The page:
Box Opens Up: Enables Mobile Apps
Box, known for its mobile content management platform has mainly focused on replacing older content repositories such as Microsoft SharePoint or Oracle. It made a major move on April 22nd by completely opening up its APIs and allowing third parties to build mobile apps and services that leverage Box Developer Edition.
That means buyers may buy a service from a third party that uses Box, but they may not know that. Content as a backend service is relatively new and we think in the era of mobile and wearables, it will be very popular. We expect other MCM providers to follow suit.
Google: Allows Compute Engine Apps to Run on Other Clouds
Google helped to pioneer the open-source Android operating system and now has the dominant worldwide market share. Some will argue that Apple’s more closely managed ecosystem is tighter, but Google today has more devices that run Android, partly due to the openness.
The move that Google made this week is even bigger. Google announced that it is going to allow its six million apps that run on Google Compute Engine to run elsewhere, including on-premise, via its partnership with AppScale. We will note that Google Compute Engine is not new—it has been around since 2008. This move would not have been entertained by Google two years ago—it shows that Google is reacting to the feedback it is getting from buyers for more choice.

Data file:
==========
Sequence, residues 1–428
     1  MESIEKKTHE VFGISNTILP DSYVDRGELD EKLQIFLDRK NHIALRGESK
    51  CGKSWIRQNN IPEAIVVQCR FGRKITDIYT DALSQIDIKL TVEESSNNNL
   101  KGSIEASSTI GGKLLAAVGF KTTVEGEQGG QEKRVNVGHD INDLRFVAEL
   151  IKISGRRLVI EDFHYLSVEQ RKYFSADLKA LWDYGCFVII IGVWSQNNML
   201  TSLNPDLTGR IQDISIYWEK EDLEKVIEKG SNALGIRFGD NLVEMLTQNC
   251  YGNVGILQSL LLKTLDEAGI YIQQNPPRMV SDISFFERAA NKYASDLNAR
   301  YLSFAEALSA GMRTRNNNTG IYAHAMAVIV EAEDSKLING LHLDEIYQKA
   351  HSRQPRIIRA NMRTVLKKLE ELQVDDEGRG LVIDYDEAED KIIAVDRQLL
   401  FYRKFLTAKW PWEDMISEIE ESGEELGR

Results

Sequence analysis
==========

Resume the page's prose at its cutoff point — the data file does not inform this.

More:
IBM: Going Cloud and Partnering As a New Business Strategy
IBM, who has been under pressure due to eroding hardware revenues, has made major moves to open it up. From the major partnership with Apple last summer, to the partnership with Twitter and just this week the announcement of both the SAP talent management integration, as well as the partnership with Facebook for retail advertising.
IBM is all about the cloud—its purchase of Soft Layer is one of their bigger moves and their willingness to make it easy to use via Blue Mix and IBM Watson cognitive and analytics services are all major new initiatives that investors want to see pay off.